December 15, 2004
The United States has suffered over about 11,000 combat casualties in Iraq and Afghanistan. Of these, 13 percent were killed, 48 percent were badly wounded, and 39 percent were lightly wounded (and returned to service within 72 hours.) During World War II, 30 percent of the combat casualties died, while in Vietnam it was 24 percent. Better body armor and better medical care have are responsible for reducing the death rate. Iraq, which accounts for about 90 percent of the 11,000 casualties, is not a little war. By comparison, the American Revolution resulted in 10,623 combat casualties (42 percent of them fatal). The War of 1812 and the Mexican War combined resulted in the 12,500 casualties. The Spanish-American War caused 2,947 casualties, and the 1991 Gulf war 614. Most of these wars were relatively brief. The Gulf war ground combat lasted only five days. The others were over in weeks or months. The Iraq war casualty could in moving up because the war is taking more time.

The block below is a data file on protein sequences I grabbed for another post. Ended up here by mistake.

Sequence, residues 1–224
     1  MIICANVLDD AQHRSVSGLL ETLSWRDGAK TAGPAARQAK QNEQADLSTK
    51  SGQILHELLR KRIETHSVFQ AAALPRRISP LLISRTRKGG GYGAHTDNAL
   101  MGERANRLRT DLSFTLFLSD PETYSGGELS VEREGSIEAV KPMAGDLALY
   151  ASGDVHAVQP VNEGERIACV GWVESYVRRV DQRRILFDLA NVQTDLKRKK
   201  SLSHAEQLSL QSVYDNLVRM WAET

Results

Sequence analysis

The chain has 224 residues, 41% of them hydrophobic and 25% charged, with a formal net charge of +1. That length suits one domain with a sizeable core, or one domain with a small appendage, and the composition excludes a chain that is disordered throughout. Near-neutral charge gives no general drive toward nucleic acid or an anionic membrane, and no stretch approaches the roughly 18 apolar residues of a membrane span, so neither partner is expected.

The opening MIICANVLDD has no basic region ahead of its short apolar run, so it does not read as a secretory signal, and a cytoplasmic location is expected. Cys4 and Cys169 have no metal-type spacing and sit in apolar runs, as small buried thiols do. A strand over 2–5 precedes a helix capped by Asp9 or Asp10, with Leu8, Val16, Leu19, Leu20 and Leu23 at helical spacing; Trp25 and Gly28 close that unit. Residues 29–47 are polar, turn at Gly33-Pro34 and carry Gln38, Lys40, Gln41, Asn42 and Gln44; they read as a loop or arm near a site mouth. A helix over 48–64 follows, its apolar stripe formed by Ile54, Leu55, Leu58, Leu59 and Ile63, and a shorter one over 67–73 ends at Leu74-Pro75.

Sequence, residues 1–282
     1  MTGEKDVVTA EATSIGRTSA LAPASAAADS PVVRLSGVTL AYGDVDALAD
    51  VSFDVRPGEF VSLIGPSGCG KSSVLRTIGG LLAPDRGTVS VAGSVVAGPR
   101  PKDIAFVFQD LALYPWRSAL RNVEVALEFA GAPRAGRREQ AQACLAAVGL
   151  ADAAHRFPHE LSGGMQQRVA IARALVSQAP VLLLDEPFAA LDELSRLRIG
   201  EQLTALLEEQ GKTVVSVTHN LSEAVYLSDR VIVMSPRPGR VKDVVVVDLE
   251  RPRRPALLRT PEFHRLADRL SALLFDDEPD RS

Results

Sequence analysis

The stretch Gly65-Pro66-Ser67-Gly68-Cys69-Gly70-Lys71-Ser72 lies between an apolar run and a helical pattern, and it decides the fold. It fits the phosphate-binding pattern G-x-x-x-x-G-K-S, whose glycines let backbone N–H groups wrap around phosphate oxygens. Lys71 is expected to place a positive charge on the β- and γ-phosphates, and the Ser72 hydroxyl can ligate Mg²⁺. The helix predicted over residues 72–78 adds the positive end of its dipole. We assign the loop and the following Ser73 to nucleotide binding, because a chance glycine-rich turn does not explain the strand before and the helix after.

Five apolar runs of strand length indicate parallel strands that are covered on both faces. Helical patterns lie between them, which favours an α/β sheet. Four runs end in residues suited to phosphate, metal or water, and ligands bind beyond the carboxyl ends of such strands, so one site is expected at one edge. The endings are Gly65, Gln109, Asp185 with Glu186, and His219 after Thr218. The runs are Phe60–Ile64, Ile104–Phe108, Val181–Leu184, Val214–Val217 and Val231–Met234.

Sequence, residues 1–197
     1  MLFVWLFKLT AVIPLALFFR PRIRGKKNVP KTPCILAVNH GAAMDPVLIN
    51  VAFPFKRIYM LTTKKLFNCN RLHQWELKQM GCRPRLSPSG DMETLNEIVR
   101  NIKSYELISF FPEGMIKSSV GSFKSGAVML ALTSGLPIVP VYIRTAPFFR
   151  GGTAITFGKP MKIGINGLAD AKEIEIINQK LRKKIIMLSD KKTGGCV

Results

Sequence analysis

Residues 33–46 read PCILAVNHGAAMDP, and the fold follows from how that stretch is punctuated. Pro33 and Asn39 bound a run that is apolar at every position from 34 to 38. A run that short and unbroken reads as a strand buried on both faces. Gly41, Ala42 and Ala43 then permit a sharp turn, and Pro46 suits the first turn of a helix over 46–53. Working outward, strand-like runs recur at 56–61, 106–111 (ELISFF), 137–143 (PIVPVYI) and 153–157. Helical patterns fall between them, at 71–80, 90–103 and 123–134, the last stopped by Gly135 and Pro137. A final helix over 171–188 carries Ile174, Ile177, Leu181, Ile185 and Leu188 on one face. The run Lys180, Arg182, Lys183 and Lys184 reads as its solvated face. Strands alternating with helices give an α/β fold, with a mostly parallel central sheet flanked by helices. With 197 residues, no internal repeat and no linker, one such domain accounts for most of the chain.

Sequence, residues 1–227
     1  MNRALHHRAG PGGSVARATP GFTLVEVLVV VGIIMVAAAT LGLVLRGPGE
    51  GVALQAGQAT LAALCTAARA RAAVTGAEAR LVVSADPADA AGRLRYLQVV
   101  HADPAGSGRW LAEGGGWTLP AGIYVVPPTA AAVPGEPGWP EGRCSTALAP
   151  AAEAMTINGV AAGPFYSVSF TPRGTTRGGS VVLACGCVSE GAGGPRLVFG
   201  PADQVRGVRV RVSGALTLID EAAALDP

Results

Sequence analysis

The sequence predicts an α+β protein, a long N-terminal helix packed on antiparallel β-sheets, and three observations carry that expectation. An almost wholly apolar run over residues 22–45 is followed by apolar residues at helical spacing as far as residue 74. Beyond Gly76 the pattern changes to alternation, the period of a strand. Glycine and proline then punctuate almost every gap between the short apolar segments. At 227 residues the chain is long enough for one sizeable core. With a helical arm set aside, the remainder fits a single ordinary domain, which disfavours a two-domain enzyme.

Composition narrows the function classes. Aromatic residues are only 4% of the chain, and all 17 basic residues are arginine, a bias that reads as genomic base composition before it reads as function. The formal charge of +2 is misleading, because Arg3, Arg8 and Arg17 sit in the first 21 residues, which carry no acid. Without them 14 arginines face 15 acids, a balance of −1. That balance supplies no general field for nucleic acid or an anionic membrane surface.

Americans have always been very sensitive about wartime casualties, creating a pattern whereby after three years, any war (even World War II or the Civil War), becomes decidedly unpopular. But the remarkably low casualties of the 1991 Gulf War made American believe that wars could be fought without high losses. American military leaders, at the time, remarked that this attitude would cause problems in the future. And so it has. While the casualties in Iraq are, historically, lower than ever before, Americans dont notice this. But they do notice that soldiers are being killed. The situation is great for the troops, for a lot more of them are surviving combat. But it makes it more difficult to carry a war to a conclusion.